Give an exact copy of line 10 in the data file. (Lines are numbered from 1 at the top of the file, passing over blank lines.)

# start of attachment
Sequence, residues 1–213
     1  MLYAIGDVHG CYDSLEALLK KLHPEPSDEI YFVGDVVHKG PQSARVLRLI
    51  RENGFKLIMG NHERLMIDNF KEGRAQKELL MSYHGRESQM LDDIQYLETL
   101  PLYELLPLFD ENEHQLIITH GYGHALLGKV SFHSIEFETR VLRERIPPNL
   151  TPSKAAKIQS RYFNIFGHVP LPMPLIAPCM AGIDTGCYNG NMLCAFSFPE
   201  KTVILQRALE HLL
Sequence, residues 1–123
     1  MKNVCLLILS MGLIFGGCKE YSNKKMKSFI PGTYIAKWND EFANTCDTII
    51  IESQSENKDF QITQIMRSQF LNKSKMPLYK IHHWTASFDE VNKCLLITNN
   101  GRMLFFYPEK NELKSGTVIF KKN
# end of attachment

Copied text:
   101  GRMLFFYPEK NELKSGTVIF KKN